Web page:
In the Chilean presidential elections last December, Gabriel Boric, the 35-year-old former student activist and social democrat, defeated the candidate of the far right, José Kast. The victory of the new Chilean president means hope, but also many challenges for Chile’s future.
A comment by Leonel Bustamante
The use of fear as a weapon of political power is something that has brought fruitful benefits to those politicians that have abused the disgust that citizens feel towards politics as a failed method to produce great changes in matters of social justice. In the case of Latin America, this fear has been based on a caricatured construction of an enemy that sometimes is located either in Cuba or in Venezuela, and whose objective obstructs any possibility of rational discussion. This fear becomes strengthened when the one who uses it reveals itself as someone “heavy-handed”.
These characters behave politically with a very well built communicational mise-en-scène, where facts as a standard of what is true or false do not have any relevance, leading to a rhetoric of mistrust, one of whose most disastrous consequences is that every person sees in their neighbour not a fellow citizen but an enemy. The experience of the last few years has shown us that these false prophets, such as Donald Trump or Jair Bolsonaro, have aimed to turn polarisation into a normal condition with the purpose of raising themselves as its formidable natural leaders.
The runoff election was held in Chile on 19 December 2021, where Gabriel Boric, grand-son of a Croatian immigrant whose political thinking is influenced by social democracy, was elected as the new Chilean president. The other candidate was José Kast, whose father was a member of the NSDAP, nostalgic for the Pinochet dictatorship who proposed, among other things, Chile’s withdrawal from the United Nations.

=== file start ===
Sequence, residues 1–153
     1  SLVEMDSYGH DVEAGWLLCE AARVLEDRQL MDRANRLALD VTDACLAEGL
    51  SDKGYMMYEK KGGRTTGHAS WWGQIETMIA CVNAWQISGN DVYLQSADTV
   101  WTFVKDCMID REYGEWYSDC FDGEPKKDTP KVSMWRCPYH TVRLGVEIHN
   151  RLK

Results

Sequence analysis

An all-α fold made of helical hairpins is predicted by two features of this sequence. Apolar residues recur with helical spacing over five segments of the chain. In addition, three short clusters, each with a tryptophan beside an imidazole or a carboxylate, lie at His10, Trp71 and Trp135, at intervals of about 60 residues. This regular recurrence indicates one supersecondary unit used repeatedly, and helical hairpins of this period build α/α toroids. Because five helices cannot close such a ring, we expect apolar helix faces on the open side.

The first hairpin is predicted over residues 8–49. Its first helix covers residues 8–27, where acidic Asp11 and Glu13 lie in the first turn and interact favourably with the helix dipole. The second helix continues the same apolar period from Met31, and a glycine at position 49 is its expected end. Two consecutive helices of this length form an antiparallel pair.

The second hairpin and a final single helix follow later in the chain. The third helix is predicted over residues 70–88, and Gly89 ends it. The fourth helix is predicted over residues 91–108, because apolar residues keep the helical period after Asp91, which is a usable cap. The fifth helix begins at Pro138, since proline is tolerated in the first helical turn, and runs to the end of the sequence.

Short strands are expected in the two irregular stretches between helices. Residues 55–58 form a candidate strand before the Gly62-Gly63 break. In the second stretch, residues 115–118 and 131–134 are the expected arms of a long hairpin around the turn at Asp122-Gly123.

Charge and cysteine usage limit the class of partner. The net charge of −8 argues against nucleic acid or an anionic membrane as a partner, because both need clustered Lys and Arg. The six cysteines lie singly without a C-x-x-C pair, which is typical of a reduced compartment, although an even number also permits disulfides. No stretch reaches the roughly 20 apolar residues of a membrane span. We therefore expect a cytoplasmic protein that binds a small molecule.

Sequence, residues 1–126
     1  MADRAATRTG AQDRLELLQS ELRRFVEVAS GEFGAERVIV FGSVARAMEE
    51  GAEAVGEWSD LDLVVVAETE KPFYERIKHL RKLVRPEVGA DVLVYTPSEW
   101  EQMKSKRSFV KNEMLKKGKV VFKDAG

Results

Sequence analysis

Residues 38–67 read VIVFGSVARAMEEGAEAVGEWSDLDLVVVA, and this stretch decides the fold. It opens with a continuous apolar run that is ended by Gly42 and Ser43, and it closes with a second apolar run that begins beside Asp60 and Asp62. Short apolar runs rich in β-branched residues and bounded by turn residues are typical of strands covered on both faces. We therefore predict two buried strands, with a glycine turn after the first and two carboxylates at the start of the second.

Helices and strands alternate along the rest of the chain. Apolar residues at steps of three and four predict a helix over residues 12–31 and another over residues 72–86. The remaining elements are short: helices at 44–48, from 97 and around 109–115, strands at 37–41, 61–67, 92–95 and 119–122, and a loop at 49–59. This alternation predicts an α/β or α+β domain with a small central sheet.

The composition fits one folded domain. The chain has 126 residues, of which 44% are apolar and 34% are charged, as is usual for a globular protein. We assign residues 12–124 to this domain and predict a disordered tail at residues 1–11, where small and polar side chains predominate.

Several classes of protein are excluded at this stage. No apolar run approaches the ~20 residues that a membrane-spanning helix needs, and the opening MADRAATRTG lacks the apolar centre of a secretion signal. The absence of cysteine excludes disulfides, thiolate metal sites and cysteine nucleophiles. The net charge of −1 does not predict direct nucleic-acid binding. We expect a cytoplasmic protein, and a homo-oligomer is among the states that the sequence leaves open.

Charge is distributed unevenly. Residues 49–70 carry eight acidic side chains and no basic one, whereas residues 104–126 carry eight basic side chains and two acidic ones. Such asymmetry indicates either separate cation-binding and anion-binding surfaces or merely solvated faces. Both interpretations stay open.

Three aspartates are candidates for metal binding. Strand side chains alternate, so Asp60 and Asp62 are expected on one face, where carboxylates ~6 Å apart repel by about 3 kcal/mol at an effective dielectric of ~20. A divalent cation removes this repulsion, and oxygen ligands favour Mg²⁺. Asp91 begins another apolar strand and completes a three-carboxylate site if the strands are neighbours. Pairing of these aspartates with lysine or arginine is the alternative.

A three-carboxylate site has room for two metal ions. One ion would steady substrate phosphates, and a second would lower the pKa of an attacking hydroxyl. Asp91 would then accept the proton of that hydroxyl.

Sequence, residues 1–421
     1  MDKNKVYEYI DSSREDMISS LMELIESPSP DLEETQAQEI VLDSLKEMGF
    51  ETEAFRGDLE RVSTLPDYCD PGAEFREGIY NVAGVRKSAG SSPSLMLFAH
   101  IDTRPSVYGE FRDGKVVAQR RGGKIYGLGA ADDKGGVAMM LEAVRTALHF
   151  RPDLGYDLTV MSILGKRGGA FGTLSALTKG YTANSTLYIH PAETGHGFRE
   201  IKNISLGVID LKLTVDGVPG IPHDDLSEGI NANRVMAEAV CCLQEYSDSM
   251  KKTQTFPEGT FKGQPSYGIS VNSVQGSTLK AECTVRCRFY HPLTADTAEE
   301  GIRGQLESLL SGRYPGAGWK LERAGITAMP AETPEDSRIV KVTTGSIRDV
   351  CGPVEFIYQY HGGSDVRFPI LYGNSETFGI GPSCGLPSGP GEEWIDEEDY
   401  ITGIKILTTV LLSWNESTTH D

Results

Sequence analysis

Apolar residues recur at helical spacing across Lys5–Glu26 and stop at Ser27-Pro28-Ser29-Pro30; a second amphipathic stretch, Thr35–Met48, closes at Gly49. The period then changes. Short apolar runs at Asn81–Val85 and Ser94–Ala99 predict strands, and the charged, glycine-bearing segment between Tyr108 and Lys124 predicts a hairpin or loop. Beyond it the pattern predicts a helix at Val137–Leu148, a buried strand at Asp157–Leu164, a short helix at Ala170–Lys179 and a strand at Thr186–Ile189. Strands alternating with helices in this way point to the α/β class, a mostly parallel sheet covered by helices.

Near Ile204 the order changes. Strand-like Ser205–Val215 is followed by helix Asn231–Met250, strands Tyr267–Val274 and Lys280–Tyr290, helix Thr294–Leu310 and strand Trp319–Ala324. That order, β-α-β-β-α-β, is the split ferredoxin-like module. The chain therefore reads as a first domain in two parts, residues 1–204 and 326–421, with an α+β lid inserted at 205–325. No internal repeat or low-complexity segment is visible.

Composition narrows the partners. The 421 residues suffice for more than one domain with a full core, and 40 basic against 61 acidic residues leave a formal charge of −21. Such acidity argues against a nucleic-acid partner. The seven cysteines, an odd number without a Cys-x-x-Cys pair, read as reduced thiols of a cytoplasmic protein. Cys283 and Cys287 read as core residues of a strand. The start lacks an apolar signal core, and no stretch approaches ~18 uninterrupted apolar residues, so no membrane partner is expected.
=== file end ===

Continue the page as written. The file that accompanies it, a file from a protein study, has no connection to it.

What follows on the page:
The stakes in this election were high, because the election of the far right candidate would have meant not only the consolidation of neoliberal policies that have been in place in Chile since the Pinochet era, but also a significant step backward in respect for human rights: for example, Kast has supported the pardon of a human rights violator sentenced to more than 800 years in prison. The importance of this election reached such a point that even the United Nations High Commissioner for Human Rights, Michelle Bachelet, publicly supported the now elected President: “It does matter which candidate you vote for, so I will vote for Gabriel Boric.”
The fact that the European Union, for example, has expressed its intention to strengthen relations with Chile through the newly elected government is a clear sign that a breakthrough in social democratic policies from a European perspective is in sight in Chile’s near future. In countries like Germany, the access to good public education, healthcare and a decent income are not rights that lead a country into a communist dictatorship, but the basic requirements for an effective deliberative democracy.